A good looking little fellow for sure! I have my eye on a Leavitt Bulldog but a friend of mine swears that dog intelligence is inversely proportional to how much a person pays for them. Could be...... I've got a Corgi mix I rescued from the shelter for a few dollars and she trains me more than I train her. Ha!Bought a pup that cost 2000 euros, he is joining our pack day after tomorrow.
He's a pedigreed Miniature Bull Terrier and both of his parents are multiple European champions. 8 weeks old in 2 days.
We have two rescue dogs (both terriers) who have lived with us for 6.5 years already. Their price was only 450 EURO each (chipped, vaccinated, EU dog passports, etc), but their value and impact on our lives has been priceless. And I'm not ruling out taking another rescue someday but the current ones will probably live for another 4-8 years each. It's still a long time. And they are both dearly loved.Rescue a dog please...
Rescue dogs are also not free - we paid 450 EUR each for our two rescues. And one of them came to us with parvo, bloody diarrhea that landed his ass in the hospital in less than a week and it cost another 400 EUR to save his life.X2 only snobby ass people *BUY dogs
Bulldogs are mainly from mastiff lines. Neither terriers nor mastiffs are known for their superior intelligence, but they're certainly not stupid dogs. And some people rank dog intelligence by their biddability - the willingness to do what you tell them to do. Terriers are stubborn AF and independent thinkers. That doesn't make them stupid, rather gives them the ability to do their work without a person commanding them.A good looking little fellow for sure! I have my eye on a Leavitt Bulldog but a friend of mine swears that dog intelligence is inversely proportional to how much a person pays for them. Could be...... I've got a Corgi mix I rescued from the shelter for a few dollars and she trains me more than I train her. Ha!
Wow. Both of my guys were $65 each shots neutered included.Rescue dogs are also not free - we paid 450 EUR each for our two rescues. And one of them came to us with parvo, bloody diarrhea that landed his ass in the hospital in less than a week and it cost another 400 EUR to save his life.
Save your judgement for somebody that gives a **** Not being hostile, just honest.
Me too. All jokes aside-no chips or passports. Didn’t realize pet passports is a thing.
Okay. Well sure mine came with papers too. I can understand your costs now.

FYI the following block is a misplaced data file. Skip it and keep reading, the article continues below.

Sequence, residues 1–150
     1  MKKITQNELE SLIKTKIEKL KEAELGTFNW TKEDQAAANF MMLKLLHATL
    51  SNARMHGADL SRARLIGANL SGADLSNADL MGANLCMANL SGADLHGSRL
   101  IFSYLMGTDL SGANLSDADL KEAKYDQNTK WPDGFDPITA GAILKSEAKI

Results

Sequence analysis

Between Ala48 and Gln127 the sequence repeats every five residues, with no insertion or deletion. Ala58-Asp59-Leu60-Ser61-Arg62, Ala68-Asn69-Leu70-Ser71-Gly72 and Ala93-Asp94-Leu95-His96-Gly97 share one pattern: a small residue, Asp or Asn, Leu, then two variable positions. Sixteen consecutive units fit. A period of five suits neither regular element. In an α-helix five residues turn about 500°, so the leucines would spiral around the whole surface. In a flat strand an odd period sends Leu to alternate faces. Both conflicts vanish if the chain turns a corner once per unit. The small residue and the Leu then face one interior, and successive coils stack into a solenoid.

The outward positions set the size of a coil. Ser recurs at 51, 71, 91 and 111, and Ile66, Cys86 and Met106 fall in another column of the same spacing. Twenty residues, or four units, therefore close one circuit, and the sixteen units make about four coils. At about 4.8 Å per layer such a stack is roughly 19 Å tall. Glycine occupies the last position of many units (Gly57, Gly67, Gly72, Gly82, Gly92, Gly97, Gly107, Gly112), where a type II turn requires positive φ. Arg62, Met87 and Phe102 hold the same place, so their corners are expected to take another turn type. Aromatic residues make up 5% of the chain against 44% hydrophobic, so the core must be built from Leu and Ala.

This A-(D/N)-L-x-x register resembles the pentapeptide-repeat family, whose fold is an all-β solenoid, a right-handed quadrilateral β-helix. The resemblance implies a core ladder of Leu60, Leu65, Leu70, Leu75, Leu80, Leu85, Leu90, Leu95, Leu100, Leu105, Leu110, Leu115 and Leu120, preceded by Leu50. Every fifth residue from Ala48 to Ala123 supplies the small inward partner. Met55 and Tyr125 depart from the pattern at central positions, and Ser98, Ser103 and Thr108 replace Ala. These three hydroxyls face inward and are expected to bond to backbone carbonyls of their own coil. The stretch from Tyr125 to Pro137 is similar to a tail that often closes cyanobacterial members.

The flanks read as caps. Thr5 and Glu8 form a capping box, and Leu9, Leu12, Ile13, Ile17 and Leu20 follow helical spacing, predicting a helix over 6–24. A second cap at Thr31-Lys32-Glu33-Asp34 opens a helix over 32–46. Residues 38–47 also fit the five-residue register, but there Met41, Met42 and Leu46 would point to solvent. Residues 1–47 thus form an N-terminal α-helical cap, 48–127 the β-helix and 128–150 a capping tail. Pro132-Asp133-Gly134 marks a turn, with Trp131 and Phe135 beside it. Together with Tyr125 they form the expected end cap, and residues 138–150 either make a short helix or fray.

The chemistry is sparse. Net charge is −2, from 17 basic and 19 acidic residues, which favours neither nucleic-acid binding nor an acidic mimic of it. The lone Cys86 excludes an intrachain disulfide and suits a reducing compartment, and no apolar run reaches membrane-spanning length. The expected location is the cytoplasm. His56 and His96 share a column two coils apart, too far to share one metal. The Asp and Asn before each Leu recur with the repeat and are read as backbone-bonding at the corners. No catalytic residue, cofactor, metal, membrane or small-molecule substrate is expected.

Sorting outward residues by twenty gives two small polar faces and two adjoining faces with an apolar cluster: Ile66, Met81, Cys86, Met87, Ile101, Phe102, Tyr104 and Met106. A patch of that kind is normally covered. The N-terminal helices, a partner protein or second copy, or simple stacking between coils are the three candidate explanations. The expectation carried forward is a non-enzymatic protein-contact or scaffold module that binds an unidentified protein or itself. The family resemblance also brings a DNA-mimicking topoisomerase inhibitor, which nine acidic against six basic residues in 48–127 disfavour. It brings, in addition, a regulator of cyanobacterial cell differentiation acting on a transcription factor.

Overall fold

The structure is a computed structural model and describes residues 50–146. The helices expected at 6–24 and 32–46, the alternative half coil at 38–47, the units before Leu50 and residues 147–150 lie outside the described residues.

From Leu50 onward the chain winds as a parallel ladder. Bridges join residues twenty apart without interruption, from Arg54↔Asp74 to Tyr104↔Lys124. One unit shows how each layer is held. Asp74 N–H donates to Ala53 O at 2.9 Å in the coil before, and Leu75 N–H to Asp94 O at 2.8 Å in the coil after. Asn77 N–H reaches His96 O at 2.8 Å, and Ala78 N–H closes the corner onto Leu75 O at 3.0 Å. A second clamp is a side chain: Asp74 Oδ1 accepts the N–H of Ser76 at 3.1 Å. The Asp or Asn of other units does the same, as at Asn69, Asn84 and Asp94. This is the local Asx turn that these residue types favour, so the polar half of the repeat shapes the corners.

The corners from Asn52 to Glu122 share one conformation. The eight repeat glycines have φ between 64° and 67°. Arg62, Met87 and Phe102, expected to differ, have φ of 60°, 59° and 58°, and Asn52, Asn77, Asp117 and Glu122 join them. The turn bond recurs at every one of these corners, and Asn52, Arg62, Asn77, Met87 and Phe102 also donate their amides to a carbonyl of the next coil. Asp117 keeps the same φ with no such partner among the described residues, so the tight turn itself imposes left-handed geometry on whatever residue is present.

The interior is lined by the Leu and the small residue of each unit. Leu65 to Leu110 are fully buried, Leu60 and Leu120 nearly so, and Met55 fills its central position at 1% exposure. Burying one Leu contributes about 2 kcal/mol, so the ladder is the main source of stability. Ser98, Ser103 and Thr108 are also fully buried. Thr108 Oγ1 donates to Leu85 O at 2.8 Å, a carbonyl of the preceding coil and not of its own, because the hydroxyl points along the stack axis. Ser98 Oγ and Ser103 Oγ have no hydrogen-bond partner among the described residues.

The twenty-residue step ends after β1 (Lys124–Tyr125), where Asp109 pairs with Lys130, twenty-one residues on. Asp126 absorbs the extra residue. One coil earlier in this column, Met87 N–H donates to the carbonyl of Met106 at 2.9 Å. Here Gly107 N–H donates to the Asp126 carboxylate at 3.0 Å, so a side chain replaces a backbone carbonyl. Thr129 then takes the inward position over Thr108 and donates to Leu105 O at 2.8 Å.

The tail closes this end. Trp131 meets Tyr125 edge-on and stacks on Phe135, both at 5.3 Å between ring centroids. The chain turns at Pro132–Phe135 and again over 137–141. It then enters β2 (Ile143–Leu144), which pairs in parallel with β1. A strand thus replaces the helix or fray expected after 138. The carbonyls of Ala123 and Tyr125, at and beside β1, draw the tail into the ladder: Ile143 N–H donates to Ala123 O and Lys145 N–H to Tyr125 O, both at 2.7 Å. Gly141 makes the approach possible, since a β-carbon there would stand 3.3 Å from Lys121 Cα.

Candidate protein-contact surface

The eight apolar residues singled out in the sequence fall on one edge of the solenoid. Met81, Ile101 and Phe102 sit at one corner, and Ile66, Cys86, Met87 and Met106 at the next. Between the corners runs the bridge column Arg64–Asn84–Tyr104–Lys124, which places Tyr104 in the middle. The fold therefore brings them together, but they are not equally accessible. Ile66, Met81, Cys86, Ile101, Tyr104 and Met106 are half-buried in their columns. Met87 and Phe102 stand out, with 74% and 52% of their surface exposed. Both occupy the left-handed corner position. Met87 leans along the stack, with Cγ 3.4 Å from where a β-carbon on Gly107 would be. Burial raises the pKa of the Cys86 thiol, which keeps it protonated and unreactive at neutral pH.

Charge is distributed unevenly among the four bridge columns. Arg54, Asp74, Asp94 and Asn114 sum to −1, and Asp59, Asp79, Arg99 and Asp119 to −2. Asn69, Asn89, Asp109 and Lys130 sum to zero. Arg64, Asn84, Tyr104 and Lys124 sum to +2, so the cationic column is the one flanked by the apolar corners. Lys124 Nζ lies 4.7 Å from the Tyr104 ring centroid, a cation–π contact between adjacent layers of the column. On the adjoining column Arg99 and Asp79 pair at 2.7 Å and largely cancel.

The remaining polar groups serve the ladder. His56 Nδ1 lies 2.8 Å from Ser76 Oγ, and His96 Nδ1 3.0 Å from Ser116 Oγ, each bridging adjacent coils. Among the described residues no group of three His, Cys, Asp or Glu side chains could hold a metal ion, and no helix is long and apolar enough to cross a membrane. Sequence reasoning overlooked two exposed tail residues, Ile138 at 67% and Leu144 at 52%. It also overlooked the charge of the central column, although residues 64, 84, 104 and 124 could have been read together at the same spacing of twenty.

my fat ass thought this was some sort of underground fire pit for cooking.It's been 10 days since the last frost. I think it's safe now... Planted the tomatoes and some indoors started sweet corn, starting to plant the peppers. Carrots are up, parsnips just starting to break ground. Cabbage, broccoli and cauliflower all planted.
Today I planted 10 hills with indoor started fiber pots of of my favorite winter squash, "Uncle David's Dakota Desert Squash". I prepared the ground over a month back and also put a dome of chicken wire over each hill to keep any critters from messing with them before they are large enough to survive getting mauled.
(95 days) Cucurbita maxima Open-pollinated. David Podoll calls this strain the original buttercup. It has been in his family for 70 years. Theyve been selecting it for 40 years, crossing it with hubbards and other maximas, primarily for color, taste, sweetness, and vigor and hardiness in cold...www.fedcoseeds.com
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I put these Hills of squash in a long row down the lane North of the rifle range backstop, in between the three Haralson apple trees I planted for the deer to enjoy- Deer like to snack on squash and pumpkins nearly as much as apples, I will get enough squash for myself as well from this row. Tomorrow if the rain holds off, I will plant a couple of rows of corn on either side of the line of apples trees and squash hills to give the deer a nice privacy screened area to snack on the apples and pumpkins. Since the rows of corn will extend directly away from the deer stand, these rows will not really provide any useful cover in that direction. Sorry, deer. Yes, I am an ambush predator.
More like a future ingredient acquisition/prep area... As far as I can recall, 17 deer have been invited to dinner within 100 yards or so of that squash mound in the picture. I'm printing the next round of invites, so to speak.my fat ass thought this was some sort of underground fire pit for cooking.
That's me - I have been thinking about growing vegetables for a while and finally planted a few different sorts in growbags as well as some herbs.a lot of people also are getting back in touch with growing and raising their own foods.
I mean you can buy good bread but it costs like 5-6 eur for a loaf. People can't afford that stuff if they are laid off.It turns out that Australians have re-discovered the lost art of baking, and are baking loads of their own bread. My guess is that people have finally found out that it takes very little to make a bread at home that absolutely runs rings around the commercial bread they buy at most supermarkets and bakery chains.
True. But that price range is for artisan bread (AUD 6-8). An 800 g run-of-the-mill supermarket loaf costs AUD 3-4. A 2 kg packet of all-purpose flour costs AUD 5. So, yes, it's cheaper to bake my own bread. But I strongly suspect that people aren't baking their own just to save money. The price difference isn't significant enough to matter, except in extreme cases. I really think this is happening because homemade bread is better by a very wide margin.I mean you can buy good bread but it costs like 5-6 eur for a loaf. People can't afford that stuff if they are laid off.